I think that if you want to create a really stunning display that I would plant 3 of these intermingled with Munstead Lavender and a good really dark blue Salvia but you could also mix in some Scabious plants at the front of the border.

If you would like to look at more wonderful David Austin roses then why not visit the Moosbach Garden and pick up a David Austin Rose Catalogue, they are written in German.  We currently have 9 different varieties of rose available at the Moosbach Garden but we would be happy to order a different variety for you.

You can buy this rose on our website by clicking here.

To see all of the rose varieties we currently have for sale click here.

 

Charles Darwin (Auspeet) David Austin featured rose of the week

This strongly perfumed yellow rose has particularly large flowers and the perfume changes depending upon the weather conditions.  The perfume varies from  a soft floral tea rose to lemon.  The blooms are upward facing which is a real bonus as so many rose flowers droop towards the ground.
In habit, the rose is vigorous reaching a height of 120cm and a width of  110cm, this rose is also disease resistant which is fairly uncommon amongst roses.
We have three of these roses planted together at Moosbach in the top rose garden.
This rose can be described as eye-catching due to the large size of the individual flowers and their orientation, i.e. facng upwards.  I think that a round flower bed with three of these planted together in the centre of the bed would make a stunning show piece in any garden.  David Austin recommend planting three roses of the same variety together in a triangle, 1 meter apart.  In time this will look like 1 substantial plant, of course not everybody has either the space or the budget to buy 3 roses at a time but if you consider how many years of joy this will bring you and visitors to your garden then it really is value for money.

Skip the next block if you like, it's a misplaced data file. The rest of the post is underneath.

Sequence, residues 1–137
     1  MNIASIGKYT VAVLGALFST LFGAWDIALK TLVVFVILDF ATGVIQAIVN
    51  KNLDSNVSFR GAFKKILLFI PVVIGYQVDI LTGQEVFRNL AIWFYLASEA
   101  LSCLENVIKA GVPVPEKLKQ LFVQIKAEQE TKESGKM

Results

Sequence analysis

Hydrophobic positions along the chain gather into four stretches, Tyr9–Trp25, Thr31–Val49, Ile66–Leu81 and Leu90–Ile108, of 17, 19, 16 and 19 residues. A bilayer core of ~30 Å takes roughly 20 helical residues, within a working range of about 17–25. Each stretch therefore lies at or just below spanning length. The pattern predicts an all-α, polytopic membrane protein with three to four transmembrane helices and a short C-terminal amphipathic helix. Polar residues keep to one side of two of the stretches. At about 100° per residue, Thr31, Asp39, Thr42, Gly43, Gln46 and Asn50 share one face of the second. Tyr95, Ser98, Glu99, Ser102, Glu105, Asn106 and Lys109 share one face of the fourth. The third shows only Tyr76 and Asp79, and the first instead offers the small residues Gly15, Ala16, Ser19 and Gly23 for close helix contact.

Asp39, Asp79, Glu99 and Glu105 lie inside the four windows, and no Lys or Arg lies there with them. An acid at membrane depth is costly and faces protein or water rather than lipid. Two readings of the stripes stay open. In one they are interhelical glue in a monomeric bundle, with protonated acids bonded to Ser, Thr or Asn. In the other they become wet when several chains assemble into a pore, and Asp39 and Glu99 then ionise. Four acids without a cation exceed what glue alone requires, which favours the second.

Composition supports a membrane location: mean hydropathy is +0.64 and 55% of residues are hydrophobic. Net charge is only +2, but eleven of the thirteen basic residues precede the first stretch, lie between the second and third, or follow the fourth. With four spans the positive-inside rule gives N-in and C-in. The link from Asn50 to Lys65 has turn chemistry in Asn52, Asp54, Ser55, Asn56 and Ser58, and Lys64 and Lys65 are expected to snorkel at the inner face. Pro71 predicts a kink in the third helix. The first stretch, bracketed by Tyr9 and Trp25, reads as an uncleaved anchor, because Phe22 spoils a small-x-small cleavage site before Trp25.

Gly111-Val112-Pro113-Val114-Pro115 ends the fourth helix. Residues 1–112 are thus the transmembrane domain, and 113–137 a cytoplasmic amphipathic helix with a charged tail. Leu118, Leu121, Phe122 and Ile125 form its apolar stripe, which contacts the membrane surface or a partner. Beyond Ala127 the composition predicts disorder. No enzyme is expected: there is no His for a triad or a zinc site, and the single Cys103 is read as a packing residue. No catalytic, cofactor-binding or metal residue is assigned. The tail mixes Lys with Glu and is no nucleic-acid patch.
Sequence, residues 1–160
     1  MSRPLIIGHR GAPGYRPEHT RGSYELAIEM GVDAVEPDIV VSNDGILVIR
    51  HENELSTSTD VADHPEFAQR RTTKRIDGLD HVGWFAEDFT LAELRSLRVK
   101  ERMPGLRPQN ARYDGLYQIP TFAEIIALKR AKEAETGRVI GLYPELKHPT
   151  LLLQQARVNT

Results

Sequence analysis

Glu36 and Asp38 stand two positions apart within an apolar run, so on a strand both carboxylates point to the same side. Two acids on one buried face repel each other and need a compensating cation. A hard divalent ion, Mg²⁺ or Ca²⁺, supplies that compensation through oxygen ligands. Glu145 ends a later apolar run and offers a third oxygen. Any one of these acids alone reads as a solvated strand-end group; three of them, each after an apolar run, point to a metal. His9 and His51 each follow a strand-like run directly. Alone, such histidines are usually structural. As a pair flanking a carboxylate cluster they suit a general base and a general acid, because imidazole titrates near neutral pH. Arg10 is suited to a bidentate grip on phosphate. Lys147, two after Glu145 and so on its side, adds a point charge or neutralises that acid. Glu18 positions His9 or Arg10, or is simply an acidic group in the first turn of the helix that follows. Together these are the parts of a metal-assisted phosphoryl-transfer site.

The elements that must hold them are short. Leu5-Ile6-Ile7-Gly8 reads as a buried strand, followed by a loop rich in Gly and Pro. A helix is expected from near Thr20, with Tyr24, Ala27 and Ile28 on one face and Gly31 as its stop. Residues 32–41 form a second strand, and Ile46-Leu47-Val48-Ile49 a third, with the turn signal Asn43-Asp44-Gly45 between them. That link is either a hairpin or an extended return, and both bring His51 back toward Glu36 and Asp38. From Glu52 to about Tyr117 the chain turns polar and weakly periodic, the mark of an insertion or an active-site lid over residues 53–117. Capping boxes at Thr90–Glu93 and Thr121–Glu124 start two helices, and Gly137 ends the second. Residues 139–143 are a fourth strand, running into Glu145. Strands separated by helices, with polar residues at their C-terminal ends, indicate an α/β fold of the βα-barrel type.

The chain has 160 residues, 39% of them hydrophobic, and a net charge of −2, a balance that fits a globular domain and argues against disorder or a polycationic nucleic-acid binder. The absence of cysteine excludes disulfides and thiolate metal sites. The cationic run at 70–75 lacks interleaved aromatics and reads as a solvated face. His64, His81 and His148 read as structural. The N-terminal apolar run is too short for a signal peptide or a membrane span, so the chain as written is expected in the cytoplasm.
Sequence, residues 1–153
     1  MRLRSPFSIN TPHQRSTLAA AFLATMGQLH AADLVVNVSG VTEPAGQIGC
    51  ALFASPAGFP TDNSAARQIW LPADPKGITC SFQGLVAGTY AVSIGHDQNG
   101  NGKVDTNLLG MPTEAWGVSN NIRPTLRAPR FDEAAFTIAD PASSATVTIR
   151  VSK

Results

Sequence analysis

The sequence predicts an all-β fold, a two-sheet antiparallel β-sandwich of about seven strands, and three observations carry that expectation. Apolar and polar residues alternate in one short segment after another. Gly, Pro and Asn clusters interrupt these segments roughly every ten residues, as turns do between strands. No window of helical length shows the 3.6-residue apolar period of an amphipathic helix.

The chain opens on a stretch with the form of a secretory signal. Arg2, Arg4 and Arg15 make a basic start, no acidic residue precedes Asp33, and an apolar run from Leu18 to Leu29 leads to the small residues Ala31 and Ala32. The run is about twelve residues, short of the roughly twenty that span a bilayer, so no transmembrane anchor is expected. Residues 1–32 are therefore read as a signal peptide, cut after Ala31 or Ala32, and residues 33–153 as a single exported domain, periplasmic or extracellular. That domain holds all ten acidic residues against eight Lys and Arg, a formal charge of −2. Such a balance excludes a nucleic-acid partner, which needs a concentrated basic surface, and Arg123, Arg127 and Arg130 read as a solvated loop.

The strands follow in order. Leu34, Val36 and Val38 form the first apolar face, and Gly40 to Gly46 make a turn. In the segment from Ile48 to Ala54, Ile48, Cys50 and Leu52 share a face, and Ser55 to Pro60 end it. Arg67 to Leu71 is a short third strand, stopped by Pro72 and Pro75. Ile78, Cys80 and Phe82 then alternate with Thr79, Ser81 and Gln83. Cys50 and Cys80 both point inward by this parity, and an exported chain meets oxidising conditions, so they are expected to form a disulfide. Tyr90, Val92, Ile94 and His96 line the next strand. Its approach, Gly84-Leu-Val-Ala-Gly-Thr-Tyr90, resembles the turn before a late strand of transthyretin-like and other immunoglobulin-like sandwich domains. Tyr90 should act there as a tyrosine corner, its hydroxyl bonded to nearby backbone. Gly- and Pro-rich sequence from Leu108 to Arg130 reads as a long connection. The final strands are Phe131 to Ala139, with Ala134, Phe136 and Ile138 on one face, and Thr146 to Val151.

Good companion planting for yellow roses are dark blues and purples like lavender and Salvia, these have the advantage of not growing too tall and are therefore ideal for the edge of a round border.  I’m in favour of the use of perennial plants over annual plants as there is a better return on time invested but you could use annuals if you wish.
I would recommend using David Austin’s mycorrhizal Fungi when planting roses, one packet has enough for 3 roses and this helps the plant to get established and extends the root system giving the plant a larger area to extract water and nutrients from.  Rose fertilizer should be used directly after the plant has finished blooming as this encourages the next set of blooms and ensures that the quality of the initial blooms is maintained.  In winter, you can do nothing better for your roses that applying a generous mulch of well-rotted horse manure, in summer you will reap the benefits with better bigger blooms.  You must make sure that it is well rotted as fresh manure takes nitrogen out of the soil as part of the decomposition process and you want to add nitrogen, not take it away.
There is an instructional video on how to plant roses on the David Austin Website – how to plant a potted rose and how to prune a shrub rose.